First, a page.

Fraudulent marriage, Asylum & Lack of Notice of the One-Year Requirement to File an Application, and Work Permits for Those Ordered Removed
Immigration laws allow a spouse to file an immigrant petition on behalf of their foreign spouse, even if the foreign spouse’s prior spouse already filed a petition for their benefit and the petition was denied. But, if the prior marriage was fraudulent and entered into for the purpose of evading the immigration laws, the new petition will be denied. It is not relevant that the new marriage is not fraudulent.
In a recent decision by the Board of Immigration Appeals, the Board expanded the above and determined that the new petition may be denied because of a prior fraudulent marriage, even if the reason given for the denial of the prior petition was not the existence of a fraudulent marriage. In Matter of PAK, 28 I & N Dec. 113 (BIA 2020), the Board clarified that the Field Office Director may look at the file, including the one for the old petition, and make a new determination about the existence of fraud in the first marriage.
This case highlights the importance of reviewing an individual’s immigration file before submitting any new petitions or applications, as well as the need to address any inconsistencies or red flags contained in the file when filing the new petition or application.
Note: In this case, there is mention of a home visit by USCIS while reviewing the first marriage based petition. Therefore, it is important that petitioners and applicants for immigration benefits be aware that home, as well as work-site, visits are possible and they need to be prepared for them.
Asylum & Lack of Notice of the One-Year Requirement to File an Application
On November 4, 2020, a nationwide settlement was approved by the U.S. District Court for the Western District of Washington in Mendez Rojas v. Wolf, No. 2:16-cv-01024-RSM (W.D. Wash. Nov. 4, 2020), that affects asylum seekers.
The settlement applies to (1) individuals who were encountered by DHS upon arrival or within 14 days of unlawful entry, were released by DHS after they were found to have a credible fear of persecution or torture, and did not receive individualized notice of the one-year deadline to file an asylum application and (2) individuals who were encountered by DHS upon arrival or within 14 days of unlawful entry, expressed a fear of return to their country of origin, were released by DHS upon issuance of a Notice to Appear, and did not receive individualized notice of the one-year deadline to file an asylum application.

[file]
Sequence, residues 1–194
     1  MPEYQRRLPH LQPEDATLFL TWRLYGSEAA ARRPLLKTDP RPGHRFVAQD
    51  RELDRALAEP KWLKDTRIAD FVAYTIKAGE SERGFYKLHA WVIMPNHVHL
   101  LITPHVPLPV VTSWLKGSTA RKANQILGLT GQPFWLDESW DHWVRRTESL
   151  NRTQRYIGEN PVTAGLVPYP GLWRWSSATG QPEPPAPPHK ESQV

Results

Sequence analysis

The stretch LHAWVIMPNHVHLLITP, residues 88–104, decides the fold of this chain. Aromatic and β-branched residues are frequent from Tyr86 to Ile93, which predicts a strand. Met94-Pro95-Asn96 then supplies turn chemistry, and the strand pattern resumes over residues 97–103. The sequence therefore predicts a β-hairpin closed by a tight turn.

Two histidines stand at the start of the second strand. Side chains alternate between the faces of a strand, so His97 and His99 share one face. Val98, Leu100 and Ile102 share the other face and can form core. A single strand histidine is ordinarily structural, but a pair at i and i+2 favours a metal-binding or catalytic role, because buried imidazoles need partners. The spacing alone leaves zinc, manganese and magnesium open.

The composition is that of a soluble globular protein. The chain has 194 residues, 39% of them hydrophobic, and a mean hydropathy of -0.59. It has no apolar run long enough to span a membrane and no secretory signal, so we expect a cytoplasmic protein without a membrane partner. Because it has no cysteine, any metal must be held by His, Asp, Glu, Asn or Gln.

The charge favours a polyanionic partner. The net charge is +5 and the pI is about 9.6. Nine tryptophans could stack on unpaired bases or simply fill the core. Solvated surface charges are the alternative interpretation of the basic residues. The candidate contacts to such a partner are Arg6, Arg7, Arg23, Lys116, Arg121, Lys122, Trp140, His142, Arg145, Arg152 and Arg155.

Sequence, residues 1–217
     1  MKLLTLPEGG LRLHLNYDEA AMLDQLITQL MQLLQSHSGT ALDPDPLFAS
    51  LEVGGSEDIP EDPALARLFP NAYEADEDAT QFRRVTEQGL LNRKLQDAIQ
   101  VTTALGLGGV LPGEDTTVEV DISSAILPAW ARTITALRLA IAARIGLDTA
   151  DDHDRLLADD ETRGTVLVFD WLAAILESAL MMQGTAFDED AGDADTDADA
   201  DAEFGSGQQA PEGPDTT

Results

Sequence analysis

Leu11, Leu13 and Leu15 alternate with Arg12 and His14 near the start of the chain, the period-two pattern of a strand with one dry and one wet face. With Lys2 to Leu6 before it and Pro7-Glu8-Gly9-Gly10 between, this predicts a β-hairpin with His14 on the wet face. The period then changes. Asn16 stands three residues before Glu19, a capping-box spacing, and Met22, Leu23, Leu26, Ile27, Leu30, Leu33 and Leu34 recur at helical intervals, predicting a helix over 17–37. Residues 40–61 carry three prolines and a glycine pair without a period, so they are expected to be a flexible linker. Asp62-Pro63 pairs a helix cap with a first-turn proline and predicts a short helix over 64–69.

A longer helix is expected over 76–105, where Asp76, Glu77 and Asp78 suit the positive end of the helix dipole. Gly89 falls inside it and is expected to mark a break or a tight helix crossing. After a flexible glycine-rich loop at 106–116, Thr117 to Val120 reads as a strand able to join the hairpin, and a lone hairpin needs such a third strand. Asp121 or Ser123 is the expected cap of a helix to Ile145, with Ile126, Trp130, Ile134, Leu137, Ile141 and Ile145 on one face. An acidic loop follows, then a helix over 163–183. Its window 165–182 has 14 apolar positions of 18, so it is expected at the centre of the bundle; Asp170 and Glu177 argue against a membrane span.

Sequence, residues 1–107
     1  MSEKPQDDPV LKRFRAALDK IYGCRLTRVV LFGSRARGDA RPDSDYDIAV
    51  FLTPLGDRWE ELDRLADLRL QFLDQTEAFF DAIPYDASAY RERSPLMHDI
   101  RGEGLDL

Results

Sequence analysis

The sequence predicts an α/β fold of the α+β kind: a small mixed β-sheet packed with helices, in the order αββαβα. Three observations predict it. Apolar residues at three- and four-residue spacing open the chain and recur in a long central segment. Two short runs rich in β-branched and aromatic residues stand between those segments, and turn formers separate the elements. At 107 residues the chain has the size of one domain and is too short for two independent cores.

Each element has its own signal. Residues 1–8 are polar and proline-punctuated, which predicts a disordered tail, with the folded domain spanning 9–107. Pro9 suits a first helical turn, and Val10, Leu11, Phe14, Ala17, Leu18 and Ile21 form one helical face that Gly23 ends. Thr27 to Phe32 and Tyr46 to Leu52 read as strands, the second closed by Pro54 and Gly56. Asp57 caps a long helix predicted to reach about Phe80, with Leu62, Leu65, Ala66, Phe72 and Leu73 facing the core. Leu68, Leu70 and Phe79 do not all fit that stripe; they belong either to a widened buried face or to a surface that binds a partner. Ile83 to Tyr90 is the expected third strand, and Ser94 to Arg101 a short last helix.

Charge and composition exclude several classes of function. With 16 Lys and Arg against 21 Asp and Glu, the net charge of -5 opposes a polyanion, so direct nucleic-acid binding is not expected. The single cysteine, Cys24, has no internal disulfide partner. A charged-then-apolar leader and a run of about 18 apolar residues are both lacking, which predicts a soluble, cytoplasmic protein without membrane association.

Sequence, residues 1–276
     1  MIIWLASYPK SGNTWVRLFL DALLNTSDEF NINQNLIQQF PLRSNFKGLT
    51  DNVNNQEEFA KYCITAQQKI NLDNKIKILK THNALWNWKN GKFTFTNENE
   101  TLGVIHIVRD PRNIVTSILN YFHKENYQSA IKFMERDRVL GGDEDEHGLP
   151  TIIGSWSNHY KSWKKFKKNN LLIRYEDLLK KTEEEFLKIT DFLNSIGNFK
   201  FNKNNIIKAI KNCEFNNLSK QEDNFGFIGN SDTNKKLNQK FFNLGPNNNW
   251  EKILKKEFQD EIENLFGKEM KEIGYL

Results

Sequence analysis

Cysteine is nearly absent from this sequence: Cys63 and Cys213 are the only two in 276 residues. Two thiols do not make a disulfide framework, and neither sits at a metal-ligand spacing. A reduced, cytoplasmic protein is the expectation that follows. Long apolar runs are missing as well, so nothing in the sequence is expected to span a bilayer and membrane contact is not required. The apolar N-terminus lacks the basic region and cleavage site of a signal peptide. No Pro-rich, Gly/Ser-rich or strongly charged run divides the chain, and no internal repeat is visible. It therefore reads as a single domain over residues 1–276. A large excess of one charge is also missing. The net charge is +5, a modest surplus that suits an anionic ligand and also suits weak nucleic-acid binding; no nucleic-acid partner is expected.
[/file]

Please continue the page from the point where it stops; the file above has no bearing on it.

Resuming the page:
The above individuals have until March 31, 2022, to file notice that they are members of one of the above classes and to submit their asylum application. Asylum applications submitted under the settlement will be considered timely filed.
Work Permit for Those Ordered Removed
DHS announced a proposed rule that would limit work authorization for persons with final orders of removal that have been temporarily released on an order of supervision (OSUP). Currently, a person with a final order of removal, who is temporarily released from DHS custody on an OSUP, is eligible for work authorization.
Under the proposed rule, for the person to obtain work authorization, they would have to show that DHS has determined their removal from the country is impracticable and that they have an economic need to work. DHS has discretion to approve or deny the application.
The proposed rule also would limit the validity period of the work authorization to one year.
If you have questions about your immigration case, it’s important to speak with an experienced immigration attorney to discuss your specific case and circumstances. Attorney Evelyn J. Pabon Figueroa is an Associate in the Orlando office of CPLS, P.A. She is a member of the firm’s Immigration Practice Group. Contact Attorney Evelyn today at 407-647-7887 or email@example.com to discuss any immigration issues you may be experiencing.